Weekly Ag Commodities Market Wrap-Up (5/21)
For the week ended May 21, July corn finished up 15 3/4 cents, December corn finished up 3 3/4 cents. July beans finished 60 cents lower for the week, and November beans finished down 40 1/4 cents. Kansas City July wheat closed down 33 3/4 cents, Chicago July wheat closed down 33 cents and Minneapolis new crop September closed 39 1/2 cents lower.
It was a touch and go week for the livestock complex as the market must manage both technical and fundamental influences extremely close in Friday's market. Thankfully, both beef and pork demand continue to run wild and before Friday's close, traders upped their ante and the contracts closed higher. Hog prices closed lower on the National Direct Afternoon Hog Report, down $2.99 with a weighted average of $106.80 on 3,596 head.
From Friday to Friday livestock futures scored the following changes: June live cattle up $2.38, August live cattle up $2.10; May feeder cattle down $0.33, August feeder cattle up $2.55; June lean hogs up $5.50, July lean hogs up $7.55.
Boxed beef prices averaged higher yet again throughout the week and closed above $3.00 per pound in both choice and select cuts on Thursday and Friday afternoon. Throughout the week, choice cuts averaged $323.14 (up $9.08 from last week) and select cuts averaged $299.91 (up $4.64 from last week) and the week's total movement of cuts, grinds and trim only totaled a scant 459 loads.
Class III milk futures came under pressure following the weakness of cheese prices. The June contract fell $1.23 since the close last Friday, ending at the lowest level since March 30. It is interesting to see how futures jumped the following day on March 31 because of the sharp rise of grain prices as a result of the Prospective Plantings report. It was the beginning of trader perception of higher grain prices reducing milk production and tightening milk supply. That has been generally correct, but it does not happen immediately. Traders just wanted to get in on the ground floor of the price increase. Block cheese price actually declined on that day. The sharp gains of the following two weeks pushed June futures $2.19 higher. The market has now nearly eliminated all of that gain. Milk production in April was strong with an increase of 3.3% in the country. There were seven of the top 24 states that showed a decrease in milk production from a year ago. Florida declined 5.3%, Vermont declined 2.7%, Virginia declined 2.3%, Washington declined 1.4%, Utah was down 1.1% and Pennsylvania was down 1.0%. The strongest gain was seen in South Dakota with an increase of 13.4% followed by Indiana with an increase of 11.4%. The top two states of California and Wisconsin increased 4.1% and 4.6%, respectively.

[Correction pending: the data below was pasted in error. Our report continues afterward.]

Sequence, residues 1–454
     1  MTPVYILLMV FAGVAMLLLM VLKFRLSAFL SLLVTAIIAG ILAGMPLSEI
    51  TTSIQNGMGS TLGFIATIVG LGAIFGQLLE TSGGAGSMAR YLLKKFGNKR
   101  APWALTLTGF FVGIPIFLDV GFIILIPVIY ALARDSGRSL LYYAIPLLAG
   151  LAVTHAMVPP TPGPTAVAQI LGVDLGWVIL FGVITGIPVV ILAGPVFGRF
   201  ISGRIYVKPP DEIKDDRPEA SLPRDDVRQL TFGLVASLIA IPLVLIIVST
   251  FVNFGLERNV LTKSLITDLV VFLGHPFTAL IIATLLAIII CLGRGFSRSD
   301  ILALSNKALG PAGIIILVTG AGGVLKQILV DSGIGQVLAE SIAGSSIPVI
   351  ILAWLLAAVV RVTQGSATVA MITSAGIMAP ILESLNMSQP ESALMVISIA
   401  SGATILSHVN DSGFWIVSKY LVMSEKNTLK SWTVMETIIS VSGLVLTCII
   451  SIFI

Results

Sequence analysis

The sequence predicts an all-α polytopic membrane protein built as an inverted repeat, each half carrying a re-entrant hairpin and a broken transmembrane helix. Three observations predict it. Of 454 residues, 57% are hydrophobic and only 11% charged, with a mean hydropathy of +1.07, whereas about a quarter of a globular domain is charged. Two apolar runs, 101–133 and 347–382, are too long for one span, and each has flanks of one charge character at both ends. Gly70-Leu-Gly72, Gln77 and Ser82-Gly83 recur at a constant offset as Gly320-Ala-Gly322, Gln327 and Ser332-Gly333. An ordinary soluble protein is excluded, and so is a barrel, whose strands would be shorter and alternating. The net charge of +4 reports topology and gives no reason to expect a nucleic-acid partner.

For the week, cheese prices took a large hit. Blocks fell 15.50 cents with 33 loads traded. Barrels fell 12.25 cents with 46 loads traded.
For the week, butter declined 0.50 cent with 15 loads traded. Grade A nonfat dry milk price declined 0.25 cent with 13 loads traded.
OUTSIDE MARKETS SUMMARY
July crude oil jumped $1.64, closing at $63.58 per barrel. The Dow gained 124 points, closing at 34,208, while the NASDAQ declined 65 points, closing at 13,471.